Friday, December 15, 2017

A Closer Look at "The Intruder "

Every true Roger Corman fan knows the story of The Intruder: how in 1961, when the Civil Rights movement was just starting to hit its stride, Roger discovered Charles Beaumont’s gutsy 1959 novel and decided to adapt it for the screen. Written in 1958, it was a fictional account of a white rabble-rouser who turns up in a small Southern town to fan the smoldering flames of racial hatred. Hollywood showed some interest in filming Beaumont’s work, then decided it was too controversial for its era. When Corman and his brother Gene became involved, they thought they’d be making their movie for United Artists. Tony Randall was in negotiations to play the leading role, and the budget was projected to be $500,000.

Soon, however, it became apparent that the Corman brothers were on their own. Most of the production costs (in the neighborhood of $70,000) came out of their own pockets. For reasons of authenticity as well as cost control, the feature was shot entirely on location, primarily in rural Missouri, near the Arkansas border. William Shatner, a young Canadian stage actor still lightyears away from becoming Captain Kirk, was signed to play the charismatic demagogue, Adam Cramer. Getting other actors to commit to the project wasn’t easy. Author Beaumont, who adapted his own novel for the screen, stepped in without salary to play the courageous school teacher, and many parts (including that of the black high school student who sparks the film’s crisis) were taken by non-professionals living in the region.

By shooting this story in towns where it could have happened, Corman and crew were courting real danger. For three weeks they dodged sheriffs, eluded threats of violence, and sidestepped accusations that they were Communists. Some of the script’s most incendiary moments remained unfilmed. Still, reviews were mostly respectful. But the audience stayed away, and Corman—losing money on a picture for the first time in his career—returned to making horror flicks. Still, he has always remained  justifiably proud of his one big foray into socially conscious cinema.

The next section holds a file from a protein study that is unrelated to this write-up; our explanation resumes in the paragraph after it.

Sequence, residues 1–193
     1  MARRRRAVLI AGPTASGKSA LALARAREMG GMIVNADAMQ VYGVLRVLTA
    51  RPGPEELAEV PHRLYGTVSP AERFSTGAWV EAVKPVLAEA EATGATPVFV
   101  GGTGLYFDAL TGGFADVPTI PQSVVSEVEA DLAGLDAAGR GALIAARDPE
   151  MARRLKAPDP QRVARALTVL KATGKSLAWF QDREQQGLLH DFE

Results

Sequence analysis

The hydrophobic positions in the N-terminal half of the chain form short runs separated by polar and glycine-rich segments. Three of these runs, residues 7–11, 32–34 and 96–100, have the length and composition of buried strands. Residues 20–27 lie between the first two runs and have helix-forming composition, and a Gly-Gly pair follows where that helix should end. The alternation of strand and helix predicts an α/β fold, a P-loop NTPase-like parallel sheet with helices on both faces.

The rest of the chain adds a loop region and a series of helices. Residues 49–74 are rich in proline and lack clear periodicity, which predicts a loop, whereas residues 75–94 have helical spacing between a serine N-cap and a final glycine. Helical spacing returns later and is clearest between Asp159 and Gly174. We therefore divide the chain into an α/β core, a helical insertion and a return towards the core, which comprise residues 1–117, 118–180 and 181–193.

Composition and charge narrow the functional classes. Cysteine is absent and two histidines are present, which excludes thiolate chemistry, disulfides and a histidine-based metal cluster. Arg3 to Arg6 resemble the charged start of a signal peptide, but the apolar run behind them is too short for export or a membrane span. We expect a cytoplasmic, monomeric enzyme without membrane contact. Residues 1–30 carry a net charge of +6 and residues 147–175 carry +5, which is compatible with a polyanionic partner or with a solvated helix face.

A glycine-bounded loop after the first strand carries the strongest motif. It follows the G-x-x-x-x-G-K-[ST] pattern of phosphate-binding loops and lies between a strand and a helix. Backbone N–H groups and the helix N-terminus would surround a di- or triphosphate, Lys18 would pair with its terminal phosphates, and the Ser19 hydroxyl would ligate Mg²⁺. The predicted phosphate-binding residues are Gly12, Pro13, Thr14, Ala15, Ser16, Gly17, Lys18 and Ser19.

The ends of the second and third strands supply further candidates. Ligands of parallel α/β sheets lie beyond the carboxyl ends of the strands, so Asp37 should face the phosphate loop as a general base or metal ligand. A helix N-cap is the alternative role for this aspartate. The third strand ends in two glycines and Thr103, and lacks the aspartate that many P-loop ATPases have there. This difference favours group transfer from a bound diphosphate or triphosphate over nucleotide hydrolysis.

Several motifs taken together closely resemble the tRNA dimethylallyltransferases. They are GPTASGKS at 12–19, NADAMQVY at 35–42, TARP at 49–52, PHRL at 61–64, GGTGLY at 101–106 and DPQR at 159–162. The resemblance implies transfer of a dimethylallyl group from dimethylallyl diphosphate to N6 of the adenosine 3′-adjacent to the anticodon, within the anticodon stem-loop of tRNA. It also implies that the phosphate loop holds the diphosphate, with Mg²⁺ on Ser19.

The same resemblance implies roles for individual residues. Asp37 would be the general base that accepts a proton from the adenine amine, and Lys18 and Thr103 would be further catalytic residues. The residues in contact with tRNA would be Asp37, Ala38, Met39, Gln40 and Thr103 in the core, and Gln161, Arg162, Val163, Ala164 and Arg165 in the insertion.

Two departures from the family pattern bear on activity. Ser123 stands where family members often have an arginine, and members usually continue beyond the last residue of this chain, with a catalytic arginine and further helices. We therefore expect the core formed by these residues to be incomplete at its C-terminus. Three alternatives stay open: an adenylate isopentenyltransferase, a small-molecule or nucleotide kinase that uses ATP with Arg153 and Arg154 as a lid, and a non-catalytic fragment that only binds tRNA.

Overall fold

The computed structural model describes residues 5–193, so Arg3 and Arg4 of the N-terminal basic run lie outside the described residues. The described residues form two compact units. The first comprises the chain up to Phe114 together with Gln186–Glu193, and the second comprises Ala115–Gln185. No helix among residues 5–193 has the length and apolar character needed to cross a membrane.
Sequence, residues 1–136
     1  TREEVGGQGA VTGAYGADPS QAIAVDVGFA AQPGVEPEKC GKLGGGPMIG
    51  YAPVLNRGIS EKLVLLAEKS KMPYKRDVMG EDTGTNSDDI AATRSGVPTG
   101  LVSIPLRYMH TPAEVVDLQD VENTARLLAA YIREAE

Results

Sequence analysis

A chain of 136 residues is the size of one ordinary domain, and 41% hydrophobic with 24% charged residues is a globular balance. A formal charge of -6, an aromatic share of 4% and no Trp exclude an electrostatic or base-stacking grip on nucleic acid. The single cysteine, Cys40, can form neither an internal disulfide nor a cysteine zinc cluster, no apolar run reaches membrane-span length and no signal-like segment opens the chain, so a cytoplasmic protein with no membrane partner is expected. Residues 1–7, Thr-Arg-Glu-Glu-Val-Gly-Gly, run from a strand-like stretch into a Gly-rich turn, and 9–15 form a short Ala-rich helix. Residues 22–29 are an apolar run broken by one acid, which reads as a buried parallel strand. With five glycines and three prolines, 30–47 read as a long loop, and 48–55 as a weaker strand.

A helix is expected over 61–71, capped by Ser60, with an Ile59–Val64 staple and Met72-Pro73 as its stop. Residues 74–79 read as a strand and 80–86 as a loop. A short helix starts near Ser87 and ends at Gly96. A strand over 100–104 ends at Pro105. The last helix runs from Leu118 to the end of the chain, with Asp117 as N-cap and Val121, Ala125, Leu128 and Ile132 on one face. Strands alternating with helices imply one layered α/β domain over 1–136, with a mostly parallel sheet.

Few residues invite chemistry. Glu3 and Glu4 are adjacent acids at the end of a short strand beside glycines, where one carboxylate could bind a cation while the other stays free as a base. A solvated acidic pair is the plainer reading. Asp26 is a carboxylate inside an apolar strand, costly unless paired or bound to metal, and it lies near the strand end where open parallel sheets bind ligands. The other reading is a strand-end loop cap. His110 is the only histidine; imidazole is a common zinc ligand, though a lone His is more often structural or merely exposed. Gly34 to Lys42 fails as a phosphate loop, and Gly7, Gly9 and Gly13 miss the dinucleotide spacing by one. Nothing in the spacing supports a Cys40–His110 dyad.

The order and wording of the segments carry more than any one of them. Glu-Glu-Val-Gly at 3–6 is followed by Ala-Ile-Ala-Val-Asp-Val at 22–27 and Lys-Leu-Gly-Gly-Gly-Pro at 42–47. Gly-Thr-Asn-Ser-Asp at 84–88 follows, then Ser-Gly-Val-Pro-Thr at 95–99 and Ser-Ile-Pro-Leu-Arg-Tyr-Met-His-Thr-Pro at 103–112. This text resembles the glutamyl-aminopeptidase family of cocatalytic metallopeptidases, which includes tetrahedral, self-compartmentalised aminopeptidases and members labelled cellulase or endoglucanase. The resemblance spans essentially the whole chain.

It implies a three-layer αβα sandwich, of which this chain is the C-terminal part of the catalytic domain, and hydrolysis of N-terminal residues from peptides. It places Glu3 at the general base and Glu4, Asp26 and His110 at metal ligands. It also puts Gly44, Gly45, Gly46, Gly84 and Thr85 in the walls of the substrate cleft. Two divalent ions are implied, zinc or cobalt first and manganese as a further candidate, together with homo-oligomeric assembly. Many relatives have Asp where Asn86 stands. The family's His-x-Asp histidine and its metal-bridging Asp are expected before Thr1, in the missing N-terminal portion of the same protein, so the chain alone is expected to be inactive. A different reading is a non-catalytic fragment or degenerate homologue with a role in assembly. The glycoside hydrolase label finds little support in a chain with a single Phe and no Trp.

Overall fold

Just recently I was sent by Christopher Beaumont, the late author’s son,a new edition of the source novel. It reminded me what an excellent writer Charles Beaumont was, before he succumbed to a cruel disease at age 38. His novel uses verbal mastery to paint a vivid and convincing picture of the dog days of summer in a sleepy Southern town: “Summer had a magic to it, a magic way of frying the nerve ends, boiling the blood, drying the brain. . . . It was the season of mischief, the season of slow movements and sudden explosions, the season of violence.” (Corman’s black-and-white filming doesn’t fully capture this sense of oppressive Southern heat, though 1967’s Oscar-winner  In the Heat of the Night comes close.) 

Beaumont also succeeds in peopling his town with a raft of complex characters. Most important, he makes us understand where Adam Cramer is coming from, and why he—an outsider and a Yankee—feels the need to stir up racial trouble in the Deep South. This, alas, is where The Intruder feels most prescient. It warns that a single ambitious man can use a culture-wars issue like forced school integration to bend a community to his will. Here’s Adam’s formula for success: “Play on their ignorance, underline and reflect their prejudices; make them afraid.”  This stealthy march toward fascism is, in Beaumont’s eyes, easily accomplished:  without concerned citizens and a free press to stop you in your tracks, you can “become a dictator before the people’s eyes without anyone seeing it happen.”

Big thanks to Chris Beaumont for supplying me with a handsome new edition of his father’s novel

A desperate Roger Corman attempt to drum up audiences for his film
The novel's original cover

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